Oates: "We still made a lot of mistakes"
If you are an Alex Ovechkin fan, there is a story on SI.com today that should warrant your attention.
If the headline – ‘What’s wrong with Alex Ovechkin?’ – doesn’t pique your interest, the Twitter teaser – ‘Is Alex Ovechkin of the Washington Capitals washed up?’ – certainly should.
Unfortunately, it is a story that may be written many times this season and many more times during the remainder of Ovechkin’s career if his production continues to stagnate.
The reason is painfully clear. Ovechkin spoiled us in his first five years in the NHL, luring us into thinking he could be invincible forever.
That’s what happens when you score 65 goals at the age of 22, especially in a sport where players hit their prime at 27.
Alex Ovechkin is 27.
But instead of beating his chest at the rest of the hockey world, he seems burdened by the task that lies ahead of him.
Having seen his goal totals drop to 32 two years ago and 38 last season Ovechkin has been asked to re-invent his game – not because he’s suddenly washed up, but because he has become too predictable.
“The game has changed a lot in the last three, four years,” Capitals general manager George McPhee told the New York Times over the weekend.
“Coaches have found ways to make it much more difficult to come through the neutral zone with steam with one guy carrying the puck and Ovi likes to do that.
“In some ways he became a little too predictable. So now he’s making adjustments and he’s really been effective the last few games.”
Before the Capitals’ 2-1 loss to the Rangers on Sunday, Ovechkin had found his groove with three goals in his previous four games.
But through 15 games, the 6-foot-3, 230-pounder from Moscow remains a work in progress. With just five goals and 10 points, Ovechkin is on a pace that, if this was an 82-game season, would leave him with a career-low 27 goals and 55 points.
Those are scary numbers for a team that has eight years and $79 million committed to Ovechkin after this season.
That explains why Adam Oates was completely serious when he asked his star left wing to make the switch to the right side, a monumental undertaking for a player who spent 20 years perfecting the same three or four moves that resulted in hundreds of goals and millions of dollars.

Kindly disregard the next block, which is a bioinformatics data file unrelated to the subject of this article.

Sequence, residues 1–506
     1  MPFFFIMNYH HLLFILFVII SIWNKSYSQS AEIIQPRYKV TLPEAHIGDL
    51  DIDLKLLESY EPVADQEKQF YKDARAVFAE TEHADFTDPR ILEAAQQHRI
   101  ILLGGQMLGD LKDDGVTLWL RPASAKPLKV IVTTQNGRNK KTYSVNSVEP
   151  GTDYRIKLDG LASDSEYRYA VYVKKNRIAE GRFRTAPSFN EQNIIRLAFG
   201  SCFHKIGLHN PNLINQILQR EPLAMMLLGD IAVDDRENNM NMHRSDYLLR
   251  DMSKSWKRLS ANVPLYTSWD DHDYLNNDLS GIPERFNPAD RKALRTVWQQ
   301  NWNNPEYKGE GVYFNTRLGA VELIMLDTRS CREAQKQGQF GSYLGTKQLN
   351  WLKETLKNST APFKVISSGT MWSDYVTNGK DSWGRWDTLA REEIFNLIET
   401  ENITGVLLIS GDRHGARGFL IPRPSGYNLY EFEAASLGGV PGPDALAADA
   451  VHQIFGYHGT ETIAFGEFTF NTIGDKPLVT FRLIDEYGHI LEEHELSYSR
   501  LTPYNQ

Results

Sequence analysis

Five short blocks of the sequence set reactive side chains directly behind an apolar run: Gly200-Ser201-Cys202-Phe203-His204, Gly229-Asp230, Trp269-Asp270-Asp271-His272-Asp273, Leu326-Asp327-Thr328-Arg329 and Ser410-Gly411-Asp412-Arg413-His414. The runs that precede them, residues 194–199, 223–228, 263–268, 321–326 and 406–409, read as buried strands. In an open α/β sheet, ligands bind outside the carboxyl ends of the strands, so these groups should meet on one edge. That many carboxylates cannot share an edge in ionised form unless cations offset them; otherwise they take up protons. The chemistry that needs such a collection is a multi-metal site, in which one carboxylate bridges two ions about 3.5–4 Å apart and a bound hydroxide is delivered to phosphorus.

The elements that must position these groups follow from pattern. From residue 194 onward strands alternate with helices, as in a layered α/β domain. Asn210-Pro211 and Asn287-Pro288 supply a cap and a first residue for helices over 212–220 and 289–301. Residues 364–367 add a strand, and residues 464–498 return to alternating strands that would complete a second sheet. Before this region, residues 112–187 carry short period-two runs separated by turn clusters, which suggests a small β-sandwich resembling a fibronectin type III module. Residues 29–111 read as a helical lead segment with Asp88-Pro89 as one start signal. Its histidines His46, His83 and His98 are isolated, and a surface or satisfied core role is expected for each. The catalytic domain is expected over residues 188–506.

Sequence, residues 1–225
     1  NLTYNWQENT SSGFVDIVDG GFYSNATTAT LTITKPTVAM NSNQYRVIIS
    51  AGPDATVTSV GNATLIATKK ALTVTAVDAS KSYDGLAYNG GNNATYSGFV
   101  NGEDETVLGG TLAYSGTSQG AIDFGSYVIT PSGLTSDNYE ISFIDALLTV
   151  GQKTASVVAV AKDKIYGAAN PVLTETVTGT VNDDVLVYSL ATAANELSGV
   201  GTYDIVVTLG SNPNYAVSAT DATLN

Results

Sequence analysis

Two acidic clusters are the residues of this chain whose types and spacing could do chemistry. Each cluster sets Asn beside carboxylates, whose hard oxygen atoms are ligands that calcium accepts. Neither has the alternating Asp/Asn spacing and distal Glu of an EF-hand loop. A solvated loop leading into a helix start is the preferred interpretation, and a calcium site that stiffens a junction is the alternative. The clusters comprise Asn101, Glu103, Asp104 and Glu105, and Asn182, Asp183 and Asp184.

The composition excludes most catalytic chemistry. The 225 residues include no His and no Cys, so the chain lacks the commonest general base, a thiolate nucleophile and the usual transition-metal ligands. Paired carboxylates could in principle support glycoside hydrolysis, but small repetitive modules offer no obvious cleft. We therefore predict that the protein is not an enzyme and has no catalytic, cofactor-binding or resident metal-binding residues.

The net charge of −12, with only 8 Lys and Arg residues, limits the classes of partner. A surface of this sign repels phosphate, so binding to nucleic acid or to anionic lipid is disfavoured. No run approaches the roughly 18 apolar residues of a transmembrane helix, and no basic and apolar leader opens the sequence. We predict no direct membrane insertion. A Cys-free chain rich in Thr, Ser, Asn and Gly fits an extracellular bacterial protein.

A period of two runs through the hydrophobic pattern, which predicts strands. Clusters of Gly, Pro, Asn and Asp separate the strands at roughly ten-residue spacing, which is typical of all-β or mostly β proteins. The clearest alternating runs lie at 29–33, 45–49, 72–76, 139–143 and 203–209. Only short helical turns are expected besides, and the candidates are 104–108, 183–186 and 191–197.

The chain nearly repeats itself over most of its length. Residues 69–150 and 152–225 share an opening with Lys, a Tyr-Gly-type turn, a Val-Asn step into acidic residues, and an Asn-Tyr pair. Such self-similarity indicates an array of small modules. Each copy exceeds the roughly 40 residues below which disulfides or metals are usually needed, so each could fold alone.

It also explains why, when Ovechkin asked to move back to left wing after four futile games on the right side, Oates placed him with grinders Jay Beagle and Joey Crabb.
Four games and no even-strength goals later, Ovechkin agreed to go back to the right side and was rewarded with playmaking center Mike Ribeiro as his linemate.
This is all part of the re-making of Ovechkin, the results of which we still don’t know.
Through 15 games the Great 8 has merely been good. He ranks third in the NHL in shots  and second in missed shots ; 43rd in goals ; 79th in points , 661st in plus-minus [minus-6] and 299th in shooting percentage [7.8].
With all of that in mind, Oates was asked if moving Ovechkin to the right side was a difficult decision.
“Not for me,” he said. “I think it’s progressing fine. It’s obviously a huge transition for him, but he’s getting the puck a lot more, and getting a lot more opportunities.”
It is up to Ovechkin what he does with those opportunities.
Will he continue to drift to the left side of the ice and take shots from areas that opposing defensemen and goaltenders have come to expect, possibly relegating him to a 30-goal player?
Or, will he put the necessary time and practice into perfecting moves from the right side that will allow his lethal shot to find its way past unsuspecting defenders and goaltenders, making him a real threat to return to his status as a 40- or 50-goal scorer?
That may be the key that unlocks the question of whether Ovechkin is washed up or simply ready to get dirty.